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Ignoring geological heritage denies indigenous connections with land

It all started with the land or maybe with the oceans.  It all started long before our culture came to this place. The mountains were raised up the rivers were laid down, the grasslands, the forests, the flowering plants, the diversity of animal life, they all started long before we came on the scene.

And when we did, we did it with a bang.  Not just figuratively but literally. To put it crudely we adopted a bushranger mentality.

We did it with such conviction that we determined to reshape the land in our own image.  To do it we had to dismiss as worthless or at least deem the land to be of less consequence than that which was here before we set foot on this so called new found territory.

The story has been unravelling for some years.  Before our eyes we are witnessing what happens when we ignore basic fundamental ecological principles. By superimposing on the land human-centric thinking devoid of respect for the foundation stones or geological ancestry, we cause disturbances that have repercussions beyond what we thought possible – but not what our indigenous cousins would tell us would be highly probable.

The Murray-Darling River tragedy – along with others – started long before this latest episode that has grabbed the attention of politicians and the media.  It will no doubt go off the boil, but the underlying issues will remain until the rivers are allowed to function as life sustaining ecological entities.

In terms of human life times, at 60 million years of age, they have been in existence for at least 2,400,000 human generations. For more:   Geology, Murray-Darling Basin

In The modern bushranger: feudal overlord of a dying river, (SMH, 25 January 2019) Elizabeth Farrelly says: “Talk about killing your darlings  …  I’m fascinated that a nation so blessed by nature should treat her so badly, like the man who marries the loveliest girl in town then demonstrates his prowess by beating her to a pulp. This colonial attitude of triumph-by-domination is everywhere – most dramatically, just now, in the Darling River fish massacre.”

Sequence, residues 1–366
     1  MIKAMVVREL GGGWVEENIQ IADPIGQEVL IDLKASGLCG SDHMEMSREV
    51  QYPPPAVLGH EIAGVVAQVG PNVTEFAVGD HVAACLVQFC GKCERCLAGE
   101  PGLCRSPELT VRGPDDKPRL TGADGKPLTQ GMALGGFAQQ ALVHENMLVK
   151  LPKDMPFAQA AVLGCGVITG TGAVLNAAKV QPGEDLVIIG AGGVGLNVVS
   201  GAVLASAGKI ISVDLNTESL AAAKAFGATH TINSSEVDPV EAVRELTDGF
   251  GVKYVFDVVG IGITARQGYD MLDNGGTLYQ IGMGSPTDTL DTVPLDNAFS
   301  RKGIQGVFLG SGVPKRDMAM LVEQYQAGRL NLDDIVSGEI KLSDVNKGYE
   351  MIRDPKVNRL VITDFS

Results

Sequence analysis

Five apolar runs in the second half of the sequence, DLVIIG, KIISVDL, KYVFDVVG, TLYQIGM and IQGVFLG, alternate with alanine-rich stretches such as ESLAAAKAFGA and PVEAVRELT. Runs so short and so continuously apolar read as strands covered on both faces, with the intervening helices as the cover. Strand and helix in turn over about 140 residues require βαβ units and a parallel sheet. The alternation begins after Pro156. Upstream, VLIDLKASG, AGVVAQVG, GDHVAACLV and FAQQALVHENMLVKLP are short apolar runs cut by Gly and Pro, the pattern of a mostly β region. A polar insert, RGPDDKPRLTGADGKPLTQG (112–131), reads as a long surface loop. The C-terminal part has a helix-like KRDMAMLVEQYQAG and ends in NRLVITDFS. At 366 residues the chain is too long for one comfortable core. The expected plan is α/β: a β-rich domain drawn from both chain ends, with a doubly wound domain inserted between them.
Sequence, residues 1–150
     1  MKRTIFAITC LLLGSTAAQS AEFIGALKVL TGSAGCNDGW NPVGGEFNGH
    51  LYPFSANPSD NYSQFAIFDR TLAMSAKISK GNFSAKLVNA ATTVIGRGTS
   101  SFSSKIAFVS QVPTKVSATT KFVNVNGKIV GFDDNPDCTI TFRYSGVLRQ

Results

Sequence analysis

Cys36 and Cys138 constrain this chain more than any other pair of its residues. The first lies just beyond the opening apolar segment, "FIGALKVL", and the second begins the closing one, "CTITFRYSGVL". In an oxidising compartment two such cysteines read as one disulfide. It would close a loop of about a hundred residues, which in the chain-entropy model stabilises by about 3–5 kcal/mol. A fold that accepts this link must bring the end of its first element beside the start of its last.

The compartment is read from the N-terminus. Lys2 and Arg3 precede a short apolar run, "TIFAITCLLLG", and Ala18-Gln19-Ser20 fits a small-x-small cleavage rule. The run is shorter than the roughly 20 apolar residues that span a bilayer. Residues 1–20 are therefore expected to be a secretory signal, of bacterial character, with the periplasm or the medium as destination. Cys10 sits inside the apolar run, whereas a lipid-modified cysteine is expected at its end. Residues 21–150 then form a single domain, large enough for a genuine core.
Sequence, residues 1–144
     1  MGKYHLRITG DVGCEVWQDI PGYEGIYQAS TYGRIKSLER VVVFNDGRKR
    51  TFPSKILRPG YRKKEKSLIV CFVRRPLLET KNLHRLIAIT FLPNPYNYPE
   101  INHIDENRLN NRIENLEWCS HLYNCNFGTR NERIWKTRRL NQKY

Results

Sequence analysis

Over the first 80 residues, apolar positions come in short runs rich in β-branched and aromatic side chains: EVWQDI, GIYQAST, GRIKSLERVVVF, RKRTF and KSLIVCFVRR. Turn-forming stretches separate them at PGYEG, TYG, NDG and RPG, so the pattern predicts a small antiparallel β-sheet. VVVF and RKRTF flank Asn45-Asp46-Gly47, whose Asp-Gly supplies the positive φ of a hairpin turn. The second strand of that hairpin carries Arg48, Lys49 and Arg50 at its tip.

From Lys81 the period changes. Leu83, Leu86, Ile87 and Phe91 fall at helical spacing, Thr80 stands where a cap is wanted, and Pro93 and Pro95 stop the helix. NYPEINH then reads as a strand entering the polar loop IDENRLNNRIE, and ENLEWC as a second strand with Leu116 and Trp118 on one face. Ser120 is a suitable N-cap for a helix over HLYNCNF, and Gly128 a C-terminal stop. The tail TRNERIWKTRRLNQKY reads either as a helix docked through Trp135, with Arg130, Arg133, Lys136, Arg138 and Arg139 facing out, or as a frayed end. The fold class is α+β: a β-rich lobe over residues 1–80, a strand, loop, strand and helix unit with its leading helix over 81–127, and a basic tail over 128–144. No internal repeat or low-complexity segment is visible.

Farrelly goes on to say:  “The fish deaths, and our apparent determination to bring the mighty Darling to its knees, is not an isolated instance of greed, corruption or incompetence. It’s not one rotten apple. It is an entire attitudinal orchard – systemic, cultural and enduring.”

To read the full story click on the link:  The modern bushranger

Our challenge is to rekindle our connections with the land, to think like the earthlings we actually are. We offer these words from Mr Rigney in support of why we need to cease ignoring our geological heritage —

“Well, the environmental goals are – you know, I don’t think you need to be Blind Freddy to see that. We want to reset these biodiversities and the ecologies in our country. We want to see our fish spawning as they once were, our animals coming back down to drink. Fresh quality water out of the Coorong, not this super saline stuff that we’re living in today’s environment. It’s slowly dying. You can smell the impact of what’s happening in the Coorong and people in the city don’t get to see that. They live within their four walls and not seeing what degradation is happening to country. What happens to country happens to you.

To me as a person, as a Ngarrindjeri, I am that tree, I am that rock, I am that plant. I cannot be separated from it. It is me and I am it. This is the difference in our societies; we don’t see what others are seeing. “

(Mr R.Beasley SC, Senior Counsel Assisting called on a Mr Rigney as witness on day 17 in the matter of the Murray-Darling Basin Royal Commission before Mr B.Walker SC, Royal Commissioner. Adelaide, 2 August 2018).

Attempting to manage or should we say massage nature to fit an economic model has been shown to contain so many flaws that as Mr Rigney says even Bind Freddy can see them.  Indigenous ways of knowing can contribute enormously to our collective knowledge store – but only if we honour what in fact is our common heritage, our geological heritage.  On a geological time scale, the land belongs to no one, we all belong to the land.  Recognition of this reality would go a long way to reconciling each of us with our common ancestral mother – the earth.

Only then will we move beyond the bushranger mentality, to stand with Mr Rigney in a spirit of reconciliation. What indigenous people have long known to be an eternal truth, is a universal truth, we and the land are one – how we treat the land (and the river/s) ends up being how we treat ourselves. A proverb found in the New Testament of the Bible, Galatians 6:7: says it rather succinctly: “You reap what you sow.”

Murray-Darling Basin Royal Commission submission transcript: at this link.